Hospital faces red alert
PATIENTS arriving at Ipswich Hospital's A&E department had to wait as long as six hours as staff battled to cope with demand.One woman who did not want to be named said she took her son with a suspected broken arm to hospital last night, but had to return home because the wait was so long.
PATIENTS arriving at Ipswich Hospital's A&E department had to wait as long as six hours as staff battled to cope with demand.
One woman who did not want to be named said she took her son with a suspected broken arm to hospital last night, but had to return home because the wait was so long.
She said: "People had been waiting six hours, some with broken limbs, to get dealt with. It is chaos there. The nurses and doctors are understaffed. No-one is up there at all, just two nurses.
"There are kids in agony with broken limbs and not enough staff. I feel sorry for the staff up there."
You may also want to watch:
She said she would take her son to a private hospital for treatment today
A spokeswoman for the hospital said: "We have been extremely busy over the last couple of days. "We were very near a 'red'alert' situation (when just a handful of beds are free) on Monday night and there continues to be a very large number of people needing emergency and urgent treatment coming in, and severe pressure on beds.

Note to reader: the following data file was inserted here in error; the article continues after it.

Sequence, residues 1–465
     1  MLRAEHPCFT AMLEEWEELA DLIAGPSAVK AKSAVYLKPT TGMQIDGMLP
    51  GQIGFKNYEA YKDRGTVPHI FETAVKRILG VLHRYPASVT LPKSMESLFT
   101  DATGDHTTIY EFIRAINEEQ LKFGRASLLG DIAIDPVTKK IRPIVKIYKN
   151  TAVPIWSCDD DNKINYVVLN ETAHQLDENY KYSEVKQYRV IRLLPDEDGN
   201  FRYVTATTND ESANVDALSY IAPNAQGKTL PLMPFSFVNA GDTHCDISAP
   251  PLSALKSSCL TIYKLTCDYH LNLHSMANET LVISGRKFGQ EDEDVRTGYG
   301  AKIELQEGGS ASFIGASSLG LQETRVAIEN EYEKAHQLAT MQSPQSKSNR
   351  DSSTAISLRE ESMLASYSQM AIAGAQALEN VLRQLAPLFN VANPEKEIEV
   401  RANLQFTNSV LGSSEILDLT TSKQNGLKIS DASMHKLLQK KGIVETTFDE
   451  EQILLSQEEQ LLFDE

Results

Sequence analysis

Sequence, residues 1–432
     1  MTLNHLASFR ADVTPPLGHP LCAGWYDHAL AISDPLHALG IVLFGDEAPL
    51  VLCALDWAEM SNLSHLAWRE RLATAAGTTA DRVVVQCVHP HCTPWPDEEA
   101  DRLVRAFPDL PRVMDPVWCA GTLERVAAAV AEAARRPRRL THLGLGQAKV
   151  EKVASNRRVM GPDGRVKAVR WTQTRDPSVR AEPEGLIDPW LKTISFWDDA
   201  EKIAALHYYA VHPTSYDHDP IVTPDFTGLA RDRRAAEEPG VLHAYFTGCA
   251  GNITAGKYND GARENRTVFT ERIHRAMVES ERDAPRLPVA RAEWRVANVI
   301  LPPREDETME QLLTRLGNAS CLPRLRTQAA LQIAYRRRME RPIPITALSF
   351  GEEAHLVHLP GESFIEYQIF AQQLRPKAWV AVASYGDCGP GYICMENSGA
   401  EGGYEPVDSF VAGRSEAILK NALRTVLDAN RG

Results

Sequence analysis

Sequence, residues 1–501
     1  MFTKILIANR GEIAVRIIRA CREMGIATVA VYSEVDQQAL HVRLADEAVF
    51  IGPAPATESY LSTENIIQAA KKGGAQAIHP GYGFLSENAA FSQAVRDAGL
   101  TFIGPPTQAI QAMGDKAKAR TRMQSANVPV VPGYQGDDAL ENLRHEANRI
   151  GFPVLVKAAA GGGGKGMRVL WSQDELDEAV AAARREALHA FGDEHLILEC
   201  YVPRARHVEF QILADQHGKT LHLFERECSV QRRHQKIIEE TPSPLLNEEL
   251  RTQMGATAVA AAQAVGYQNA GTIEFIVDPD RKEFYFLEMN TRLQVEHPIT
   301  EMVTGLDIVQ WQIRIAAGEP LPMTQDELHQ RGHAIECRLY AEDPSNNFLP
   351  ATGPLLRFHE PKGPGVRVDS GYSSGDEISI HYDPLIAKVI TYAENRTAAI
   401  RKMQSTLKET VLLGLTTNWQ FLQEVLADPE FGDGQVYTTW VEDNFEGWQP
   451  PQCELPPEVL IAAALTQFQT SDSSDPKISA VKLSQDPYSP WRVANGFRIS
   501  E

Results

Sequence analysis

- 1 Man caught in Ipswich park paedophile sting jailed for more than two years
- 2 Should buses be kept out of Ipswich's Upper Brook Street?
- 3 Ipswich teenage boy arrested over stabbing
- 4 Couple avoid jail for campaign of harassment against neighbour
- 5 Family 'devastated' after elderly man's Reliant Robin tipped over
- 6 Five of the best places to cure your hangover in Ipswich
- 7 Ipswich lorry drivers raise a glass as haulage firm launches in-house watering hole
- 8 Man taken to hospital after becoming stuck in mud in Ipswich riverbank
- 9 Farmland 'years away' from development, says builder
"The A&E department has been very busy and while we are doing everything we can to limit the length of time people have to wait, sadly there are times when we can't see everyone as quickly as we would like to. We have to see the most urgent cases first and that does mean others have to wait."
She said there had been no staffing problem, and added: "It is often very difficult to say, while sitting waiting, all the treatment and care which is taking place in cubicles. It's probably only the triage nurses members of the public see at first, but other doctors, nurses, therapists and support staff are working beyond the waiting room."
In February, A&E staff saw, treated and discharged 85 per cent of patients within four hours.
The spokeswoman added: "It is very frustrating that people have to wait in A&E, and we do appreciate that but we cannot predict how many people will need the service or the level of clinical need."